Standard 9: Proactive recruitment and onboarding for timely start-up.
Staff the project in time with the right people using recruitment and orientation best practices.
Provide new project staff with comprehensive onboarding.
Investing in staff onboarding is a key part of good human resource management that contributes to strong project management. CRS offers general onboarding that welcomes staff to the agency and their CRS office location. Project staff receive additional onboarding that is specific to their job family and project position. Comprehensive onboarding for project staff:
- Helps ensure that project staff know what their project-specific roles and duties are and how to perform them.
- Helps project staff understand how their project, and their role in that project, fits within the organization.
- Equips project staff as early as possible to begin making a contribution, so as to make full use of project implementation time.
- Helps new hires to feel more fully a part of CRS and their project.
- Primary responsible: Supervisor
- The supervisor guides job-family/position-specific onboarding, building on general staff onboarding provided by human resources (HR) staff.
- Others involved: Project manager/chief of party (PM/CoP) and other key staff identified by supervisor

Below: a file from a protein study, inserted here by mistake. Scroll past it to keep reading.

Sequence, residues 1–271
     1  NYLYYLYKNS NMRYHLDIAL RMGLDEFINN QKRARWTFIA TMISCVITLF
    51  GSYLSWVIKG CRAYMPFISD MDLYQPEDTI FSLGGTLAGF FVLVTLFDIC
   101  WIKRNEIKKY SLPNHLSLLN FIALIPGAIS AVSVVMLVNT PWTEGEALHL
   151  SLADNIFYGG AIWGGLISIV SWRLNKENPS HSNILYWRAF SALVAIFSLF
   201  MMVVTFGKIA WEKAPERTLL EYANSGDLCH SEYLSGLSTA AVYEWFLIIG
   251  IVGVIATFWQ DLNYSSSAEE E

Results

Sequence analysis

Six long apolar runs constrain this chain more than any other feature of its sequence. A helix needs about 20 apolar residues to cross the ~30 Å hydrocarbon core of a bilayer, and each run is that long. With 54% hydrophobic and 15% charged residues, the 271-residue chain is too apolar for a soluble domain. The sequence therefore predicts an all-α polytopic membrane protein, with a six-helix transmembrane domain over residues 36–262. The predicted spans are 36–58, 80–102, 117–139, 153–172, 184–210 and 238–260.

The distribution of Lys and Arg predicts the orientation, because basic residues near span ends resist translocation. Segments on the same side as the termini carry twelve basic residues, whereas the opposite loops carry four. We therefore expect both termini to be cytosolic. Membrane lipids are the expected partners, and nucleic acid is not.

- The PM/CoP and other key staff provide position and project-specific information for project staff onboarding.
- Within first six months (for all project staff); ideally faster for existing CRS staff
- Emergencies: Reduce the onboarding timeframe to a few days or one week maximum
CRS human resources staff will coordinate general onboarding for new project staff. To supplement this general onboarding, follow these steps to ensure that all project staff benefit from comprehensive job family and project-specific onboarding:
- In preparation for the staff member’s start, the supervisor prepares an information “packet” (which may consist mostly of links to documents) and schedules any necessary meetings for the new employee’s first few days.
- Include all relevant project documents (e.g., project proposal and updated project org chart; DIP, MEAL plan, risk register, and issues log, if developed at the time of employee joining the project). For externally funded projects, include documents addressing donor requirements, such as the Award Management Deliverables Calendar and the award agreement.
- Include the project charter, if finalized.